Privacy Self-Management (hereafter PSM) is the system whereby individuals make their own decisions on whether to consent to the collection of their information by data-processing agents. In this paper, I agree with Solove (2013) that PSM is an inadequate system to govern the processing of personal data, but for different reasons. Whereas he argues that consent is not reached meaningfully under PSM, I contend that individual consent - even if meaningful - is an insufficient protection of the right to privacy. I first summarise Solove’s argument and that of his main critics. Then, I argue both have fallen behind recent developments in data analytics, which have shown that people’s right to privacy can no longer be upheld by individual consent alone. I finish by discussing potential objections to my argument.
Solove argues that PSM is inadequate because it relies on privacy notices, allowing data-processing agents to collect data if individuals consent to them. However, he claims that these notices systematically fail to deliver morally transformative consent - to be understood as a consent that makes an otherwise immoral transaction moral (such as the collection of personal data). As shown in the next paragraph, his notion of morally transformative consent aligns with the requirements of the autonomous authorization model (hereafter, AA) (Solove 2013). AA requires that consent be given (1) freely, (2) intentionally, (3) by a competent decision-maker and (4) with appropriate understanding (Beauchamp 2009). Although many of his premises are implicit, an interpretation of his argument is the following:
P1: Individuals have a right to privacy - defined as meaningful control over one’s personal information - which should be protected.
P2: An individual’s morally transformative consent is the necessary and sufficient condition for data-processing agents to collect personal data without infringing on the right to privacy.
P3: Morally transformative consent arises when the conditions outlined by AA (Beauchamp 2009) are fulfilled.
P4: PSM, as a legal paradigm, does not allow individuals’ consent to fulfil the conditions of the autonomous authorization model.
C: PSM is an inadequate paradigm to determine the rules governing privacy.
1. Evaluating P4
Solove focuses on justifying the fourth premise. Firstly, the competence requirement of AA, (3), is often violated: individuals are subject to cognitive faults which impair their rational decision-making (Solove 2013: 1886) and discount the downstream harms of data disclosure (Solove 2013: 1891). Secondly, individuals are not able to fully comprehend the consequences of data disclosure, which corresponds to AA’s condition of understanding, (4). For example, they rarely read and understand the privacy notices PSM relies on, and there are too many consent-requiring transactions to understand the subtleties of each (Solove 2013: 1883). It is also very difficult to assess the harms of data disclosure: downstream uses can be complex, and individual decision-making rarely accounts for the societal effects of large-scale data disclosure (Solove 2013: 1891). A key issue with assessing harm, which will be relevant for the rest of this paper, is the problem of aggregation. Pieces of data can be combined to reveal potentially harmful information - including the identity of individuals (Solove 2013: 1889).
Solove’s defence of the fourth premise is authoritative. His arguments on cognitive faults are well-documented (Kahneman 2011; Acquisti et. al. 2015), and problems such as that of aggregation are empirically validated (Barbaro and Zeller 2006). However, most critics take issue with the third, rather than fourth, premise.
2. Evaluating P3
AA is criticised as both an unnecessary and insufficient model of morally transformative consent. A popular alternative is the Fair Transactions model, whereby morally transformative consent arises in a transaction which is deemed ‘fair’1. The main criticism of AA is that it is insufficient because it ignores the bilateral nature of a consent transaction: if one party gains too much benefit over another, a consented transaction could still be deemed exploitative. By evaluating the permissibility of a transaction as a whole, this is what the Fair Transactions model addresses particularly well (Miller and Wertheimer 2009; Schermer et. al. 2014). Further criticisms are leveraged against AA: Miller & Wertheimer (2009) argue that AA is unnecessary because it prevents insufficiently informed individuals from engaging in beneficial, but consent-requiring, transactions. Indeed, many consent transactions may not reach the stringent condition of full understanding, yet they argue that individuals should not necessarily be prevented from engaging in potentially beneficial transactions for that reason. Schermer et. al. (2014) also argue AA is too demanding of individuals. If individuals really had to fully understand each consent transaction, this would require too much time and effort. Ultimately it would make individuals consent simply by cognitive fatigue and would in fact be self-defeating.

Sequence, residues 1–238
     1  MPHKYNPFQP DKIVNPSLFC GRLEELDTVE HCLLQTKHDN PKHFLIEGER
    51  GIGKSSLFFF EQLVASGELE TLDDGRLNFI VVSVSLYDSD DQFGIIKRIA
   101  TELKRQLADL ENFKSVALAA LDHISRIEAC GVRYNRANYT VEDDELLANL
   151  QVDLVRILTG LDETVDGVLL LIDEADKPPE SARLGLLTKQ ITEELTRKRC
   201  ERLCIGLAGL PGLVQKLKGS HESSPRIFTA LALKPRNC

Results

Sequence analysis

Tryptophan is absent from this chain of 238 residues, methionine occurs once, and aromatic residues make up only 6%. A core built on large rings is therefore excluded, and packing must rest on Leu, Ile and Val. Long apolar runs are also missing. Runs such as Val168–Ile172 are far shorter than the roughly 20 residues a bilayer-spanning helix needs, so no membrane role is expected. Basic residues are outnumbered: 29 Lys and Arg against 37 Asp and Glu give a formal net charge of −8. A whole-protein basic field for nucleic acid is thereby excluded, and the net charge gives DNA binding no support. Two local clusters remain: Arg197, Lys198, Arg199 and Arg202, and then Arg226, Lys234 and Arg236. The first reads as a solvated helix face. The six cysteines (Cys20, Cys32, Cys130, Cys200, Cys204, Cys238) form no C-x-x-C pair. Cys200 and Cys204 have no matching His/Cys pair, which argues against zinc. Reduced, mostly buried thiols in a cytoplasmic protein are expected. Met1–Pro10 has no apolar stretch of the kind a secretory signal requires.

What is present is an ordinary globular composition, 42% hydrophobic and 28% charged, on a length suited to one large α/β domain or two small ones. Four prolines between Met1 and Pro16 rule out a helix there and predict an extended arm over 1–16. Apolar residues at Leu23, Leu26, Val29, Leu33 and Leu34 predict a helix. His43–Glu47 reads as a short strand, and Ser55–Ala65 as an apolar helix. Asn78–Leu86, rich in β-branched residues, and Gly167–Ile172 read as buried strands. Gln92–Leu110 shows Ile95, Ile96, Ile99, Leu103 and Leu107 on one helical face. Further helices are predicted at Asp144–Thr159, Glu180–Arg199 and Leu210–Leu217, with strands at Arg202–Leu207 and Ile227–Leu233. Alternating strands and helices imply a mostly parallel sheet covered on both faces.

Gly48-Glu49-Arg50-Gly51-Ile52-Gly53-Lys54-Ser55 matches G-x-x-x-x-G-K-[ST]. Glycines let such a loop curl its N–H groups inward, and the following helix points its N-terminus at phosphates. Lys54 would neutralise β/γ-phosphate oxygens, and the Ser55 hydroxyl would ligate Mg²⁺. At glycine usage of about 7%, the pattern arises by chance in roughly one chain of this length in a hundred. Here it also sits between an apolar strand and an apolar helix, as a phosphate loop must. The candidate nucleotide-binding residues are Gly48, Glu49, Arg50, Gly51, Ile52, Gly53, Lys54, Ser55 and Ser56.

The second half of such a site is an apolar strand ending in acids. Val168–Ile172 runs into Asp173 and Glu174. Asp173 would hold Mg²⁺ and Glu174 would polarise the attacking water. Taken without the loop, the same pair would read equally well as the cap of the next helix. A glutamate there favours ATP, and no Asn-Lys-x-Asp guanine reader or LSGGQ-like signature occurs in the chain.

By placing less emphasis on individual competence and more on the structural conditions (fairness) of the consent transaction, the Fair Transactions model addresses these points successfully. Nevertheless, I find that it fails to protect people’s right to privacy for the same reason that AA fails. Namely, both these frameworks view morally transformative consent as a sufficient protection of people’s right to privacy (hereafter, I will call such frameworks consent-reliant). However, I argue against this: I disagree with the second premise.
3. Evaluating P2
My objection rests on an extension of Solove’s problem of aggregation, namely that it can also occur across persons. This emerged with Big Data analytics, and in particular the Cambridge Analytica-Facebook scandal. Cambridge Analytica started with a study of 58 000 volunteers who submitted psychometric tests and data including their Facebook likes (Kosinski et. al. 2013). This enabled Cambridge Analytica to establish correlations between an individual’s Facebook likes and his psychological profile. After harvesting the Facebook information of millions of users, they were thus able to determine the psychological profile of those users based on their likes. In this case, they used it to design political ads to which the users would be most receptive, with evident success (Rosenberg et. al. 2017).
This scandal initially highlighted how Cambridge Analytica were able, mostly legally, to harvest the personal data of millions of Facebook users. This reinforced the idea that people’s understanding of the downstream uses of their data should be enhanced (Solove 2013). More importantly however, this exemplified how large-scale data analysis can successfully aggregate data across persons. Just as an individual’s data can be combined to reveal more information about himself (Solove 2013), data from different individuals can be aggregated to reveal more information about one of those individuals (in this case the psychological profile of the Facebook users). This principle is central to Big Data analysis, which tries to extrapolate from existing data and accurately predict personal information - ranging from consumer preferences (Bradlow et. al. 2017) to the predisposition to crime (Chan and Moses 2015).